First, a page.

Process Notations – The Novel Edit Begins

As March kicks off in its usual snowstorm-y way here in New England, I’ve turned my gaze towards the next draft of Dirty Bone. Other projects with other eyes on them have delayed my progress on it, bumping me back a couple of months from where I’d hoped I’d be at this time of year, but I’m still optimistic I can get it into shape and (hopefully) submitted by the end of 2023. 

Placeholder Cover for my project notebook: “I Do” by Chris Peters – I found this initially on Pinterest via BienArt and Beautiful Bizarre Magazine’s posts, but his work, found here, is AMAZING.

It’s been a while since I last edited a long project, so I thought it might be worthwhile for me to document some of this process for my own reference, and why not do that here? I’m using the method outlined in the book Refuse to Be Done by Matt Bell, and so far, I’ve printed and reread the first draft and started generating an outline of what’s currently there. 

As I went through, I marked every place where something I wrote made my heart do a little backflip, because I figure those are the resonant core of the story. Sometimes I’d jot down notes about what could change, how a scene could be approached differently, but for the most part, I tried to just read swiftly and without “editing” too much. 

It was the first time I’d read the thing in whole, because I wrote it like a dog with the zoomies, racing forward and then backwards and then chasing my own tail for a while. So reading it chronologically was a very different experience. I’m pleased to say that while there are a few time-glitches, plot-wise, it actually held together better than I expected, and there was a lot I liked. There are bits that won’t make the cut, of course, but I’m kind of looking forward to pruning it back to its bones. (Ooo, see what I did there?)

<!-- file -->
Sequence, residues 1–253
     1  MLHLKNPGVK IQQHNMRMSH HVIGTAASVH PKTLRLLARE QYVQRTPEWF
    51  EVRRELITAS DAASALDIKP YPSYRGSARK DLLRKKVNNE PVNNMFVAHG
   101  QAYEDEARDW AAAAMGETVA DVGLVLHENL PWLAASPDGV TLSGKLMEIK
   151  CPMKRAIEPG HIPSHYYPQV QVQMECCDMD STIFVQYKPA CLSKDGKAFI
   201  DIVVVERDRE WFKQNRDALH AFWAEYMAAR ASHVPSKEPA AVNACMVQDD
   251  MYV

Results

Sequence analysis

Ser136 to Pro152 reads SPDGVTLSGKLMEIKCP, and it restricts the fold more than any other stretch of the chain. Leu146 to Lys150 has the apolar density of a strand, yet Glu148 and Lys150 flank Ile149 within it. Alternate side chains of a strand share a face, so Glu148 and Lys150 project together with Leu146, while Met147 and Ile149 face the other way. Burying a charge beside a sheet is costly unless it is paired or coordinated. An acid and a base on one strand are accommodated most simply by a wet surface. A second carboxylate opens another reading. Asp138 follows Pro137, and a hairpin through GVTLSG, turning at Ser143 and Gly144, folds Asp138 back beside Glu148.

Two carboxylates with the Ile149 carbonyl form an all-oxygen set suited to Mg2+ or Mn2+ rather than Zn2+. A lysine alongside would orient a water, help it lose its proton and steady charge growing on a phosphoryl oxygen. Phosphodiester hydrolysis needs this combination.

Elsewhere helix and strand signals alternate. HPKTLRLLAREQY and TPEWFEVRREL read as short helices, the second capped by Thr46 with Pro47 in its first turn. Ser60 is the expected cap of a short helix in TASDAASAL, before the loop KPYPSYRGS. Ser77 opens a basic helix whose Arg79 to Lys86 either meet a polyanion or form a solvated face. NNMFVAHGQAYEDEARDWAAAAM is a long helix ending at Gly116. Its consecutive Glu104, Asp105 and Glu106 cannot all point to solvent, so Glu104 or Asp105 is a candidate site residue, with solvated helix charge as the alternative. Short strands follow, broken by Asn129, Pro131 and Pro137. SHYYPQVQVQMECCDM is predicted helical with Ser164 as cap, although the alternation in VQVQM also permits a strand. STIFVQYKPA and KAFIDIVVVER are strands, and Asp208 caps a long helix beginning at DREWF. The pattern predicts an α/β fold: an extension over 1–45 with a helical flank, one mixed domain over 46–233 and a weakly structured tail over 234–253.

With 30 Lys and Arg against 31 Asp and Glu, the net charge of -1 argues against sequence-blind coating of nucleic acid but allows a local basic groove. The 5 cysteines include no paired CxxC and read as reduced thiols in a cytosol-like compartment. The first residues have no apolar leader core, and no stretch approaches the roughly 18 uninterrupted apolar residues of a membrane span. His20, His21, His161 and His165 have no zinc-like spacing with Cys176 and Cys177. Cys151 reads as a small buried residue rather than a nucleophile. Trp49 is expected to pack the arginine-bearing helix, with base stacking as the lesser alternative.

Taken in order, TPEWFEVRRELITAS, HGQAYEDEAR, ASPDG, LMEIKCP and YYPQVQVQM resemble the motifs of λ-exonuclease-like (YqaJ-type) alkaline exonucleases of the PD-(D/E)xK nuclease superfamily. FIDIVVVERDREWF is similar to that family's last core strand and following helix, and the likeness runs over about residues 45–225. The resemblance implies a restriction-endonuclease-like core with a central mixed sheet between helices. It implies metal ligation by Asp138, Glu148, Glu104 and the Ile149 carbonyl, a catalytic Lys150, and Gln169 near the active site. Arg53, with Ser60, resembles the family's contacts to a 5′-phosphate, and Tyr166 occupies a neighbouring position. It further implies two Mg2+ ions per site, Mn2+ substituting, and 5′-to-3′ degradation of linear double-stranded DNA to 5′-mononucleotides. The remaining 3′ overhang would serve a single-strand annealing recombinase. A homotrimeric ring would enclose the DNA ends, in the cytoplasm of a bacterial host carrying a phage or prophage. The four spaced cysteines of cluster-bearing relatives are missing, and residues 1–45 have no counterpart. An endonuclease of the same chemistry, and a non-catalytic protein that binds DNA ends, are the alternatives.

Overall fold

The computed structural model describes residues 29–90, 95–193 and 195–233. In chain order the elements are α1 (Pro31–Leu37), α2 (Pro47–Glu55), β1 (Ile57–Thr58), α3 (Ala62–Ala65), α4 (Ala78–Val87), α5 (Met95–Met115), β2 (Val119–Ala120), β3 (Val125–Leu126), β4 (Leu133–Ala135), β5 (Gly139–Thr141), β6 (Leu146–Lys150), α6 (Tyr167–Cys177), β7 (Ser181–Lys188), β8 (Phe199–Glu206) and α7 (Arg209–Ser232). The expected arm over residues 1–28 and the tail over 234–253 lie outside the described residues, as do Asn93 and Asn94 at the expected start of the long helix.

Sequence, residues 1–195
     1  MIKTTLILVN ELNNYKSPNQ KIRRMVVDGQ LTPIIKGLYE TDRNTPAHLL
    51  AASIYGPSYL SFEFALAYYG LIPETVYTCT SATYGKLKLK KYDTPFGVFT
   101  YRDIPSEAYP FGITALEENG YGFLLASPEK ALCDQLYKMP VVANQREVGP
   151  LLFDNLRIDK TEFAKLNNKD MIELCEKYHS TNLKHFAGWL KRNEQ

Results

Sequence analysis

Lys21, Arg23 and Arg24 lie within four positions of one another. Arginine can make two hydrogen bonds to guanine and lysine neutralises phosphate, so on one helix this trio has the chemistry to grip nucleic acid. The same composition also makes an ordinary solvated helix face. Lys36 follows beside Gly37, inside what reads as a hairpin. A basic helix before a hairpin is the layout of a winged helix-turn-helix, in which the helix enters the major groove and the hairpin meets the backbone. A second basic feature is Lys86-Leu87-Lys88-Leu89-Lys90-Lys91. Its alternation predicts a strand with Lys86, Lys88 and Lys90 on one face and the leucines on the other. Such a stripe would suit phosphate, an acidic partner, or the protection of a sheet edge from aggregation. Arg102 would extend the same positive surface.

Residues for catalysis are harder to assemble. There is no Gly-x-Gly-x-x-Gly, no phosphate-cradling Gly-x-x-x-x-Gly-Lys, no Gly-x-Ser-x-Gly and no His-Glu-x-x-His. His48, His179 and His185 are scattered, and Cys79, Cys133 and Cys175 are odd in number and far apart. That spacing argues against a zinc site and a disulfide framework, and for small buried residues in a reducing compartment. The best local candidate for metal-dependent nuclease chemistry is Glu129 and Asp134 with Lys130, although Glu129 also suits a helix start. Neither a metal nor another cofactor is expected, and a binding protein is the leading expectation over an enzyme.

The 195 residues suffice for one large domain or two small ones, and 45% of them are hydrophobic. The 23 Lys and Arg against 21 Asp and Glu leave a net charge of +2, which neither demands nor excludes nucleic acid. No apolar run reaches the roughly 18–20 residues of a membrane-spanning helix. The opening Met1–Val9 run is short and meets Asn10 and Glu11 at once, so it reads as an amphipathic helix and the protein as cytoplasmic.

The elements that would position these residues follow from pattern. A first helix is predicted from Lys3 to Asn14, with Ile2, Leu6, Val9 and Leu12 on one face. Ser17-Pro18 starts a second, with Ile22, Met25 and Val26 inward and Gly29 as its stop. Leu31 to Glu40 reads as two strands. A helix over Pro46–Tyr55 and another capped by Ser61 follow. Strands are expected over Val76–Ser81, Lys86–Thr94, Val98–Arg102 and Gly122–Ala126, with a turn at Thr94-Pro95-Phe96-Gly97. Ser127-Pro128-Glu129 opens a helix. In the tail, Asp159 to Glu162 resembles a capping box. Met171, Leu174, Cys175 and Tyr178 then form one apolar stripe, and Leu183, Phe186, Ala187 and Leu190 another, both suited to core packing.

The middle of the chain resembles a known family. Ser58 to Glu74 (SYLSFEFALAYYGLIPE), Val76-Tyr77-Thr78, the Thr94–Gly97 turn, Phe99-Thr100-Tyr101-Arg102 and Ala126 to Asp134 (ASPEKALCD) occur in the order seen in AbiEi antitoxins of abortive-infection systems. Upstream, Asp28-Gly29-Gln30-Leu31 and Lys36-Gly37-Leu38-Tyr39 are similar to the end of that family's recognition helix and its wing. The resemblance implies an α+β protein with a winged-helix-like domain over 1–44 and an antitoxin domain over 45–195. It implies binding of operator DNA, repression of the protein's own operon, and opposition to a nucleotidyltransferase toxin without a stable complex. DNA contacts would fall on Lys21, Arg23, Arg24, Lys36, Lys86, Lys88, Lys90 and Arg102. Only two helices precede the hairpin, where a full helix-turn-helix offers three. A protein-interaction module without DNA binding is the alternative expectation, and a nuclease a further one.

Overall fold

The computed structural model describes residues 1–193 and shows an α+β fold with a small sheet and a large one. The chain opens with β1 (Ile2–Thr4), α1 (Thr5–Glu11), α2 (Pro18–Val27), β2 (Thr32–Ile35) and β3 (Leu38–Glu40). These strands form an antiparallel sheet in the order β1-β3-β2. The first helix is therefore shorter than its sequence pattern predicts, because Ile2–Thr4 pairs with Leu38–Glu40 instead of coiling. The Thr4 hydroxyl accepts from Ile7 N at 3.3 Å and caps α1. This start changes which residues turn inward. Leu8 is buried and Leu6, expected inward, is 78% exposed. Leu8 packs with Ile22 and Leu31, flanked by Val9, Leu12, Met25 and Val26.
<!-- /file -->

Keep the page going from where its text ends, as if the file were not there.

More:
But we’re not quite there yet. Right now, I’m compiling an outline of all the scenes as the book currently stands, and I’ll be focusing my editing on that until I’m confident in what the rewrite will be. I’ll also start making a list of all the problem areas, things that need clarification, characters who need more complexity, and gaps where there should be scenes. 

Finding the time to work has been a major challenge, with the puppers hitting his teenage months and the three year old going through an incredibly clingy phase (which is both endearing and cuddly, but also really volatile and involves a lot of yelling). The eight year old, at least, is pretty easy right now, so I’ll take it. But what that’s meant is that most of my work is done in fits and spurts when a spare moment allows. I’ve had to essentially give up my goal of 500 words or twenty minutes a day, because by the time I can sit down to work without interruptions (aka: 10:30pm…) I’m flipping exhausted and my brain is done. 

Instead, I’ve started putting “write” on my to-do list, and anything at all I do—open the document, write a sentence, change the title, think on it for a concentrated moment—counts to check that box. Sometimes I open my laptop in a seemingly quiet moment and am almost immediately interrupted by one crisis or another. Other times, it seems like entropy is about to win the war and life will fall into chaos, but when I open my laptop to look at the document—assuming that’s all I’ll get to do today—I wind up having a forty minute quiet session where I get a lot done. Making the bar to check “write” off my list incredibly easy has also taken all the pressure off to “get things done,” and—by the delightful madness that is life—I often end up getting a LOT more done than I would have if I’d been trying to isolate a twenty minute session during the day. I end up dipping in and out several times throughout the day, and that makes the whole process lot more fun. 

So that’s where things stand as of today. If I can get the current-version outline wrapped up by the end of the week, I’ll plunge into the restructuring, editing process. I have no idea what that’ll look like yet, so bear with me. It’s going to be a…strange ride. 

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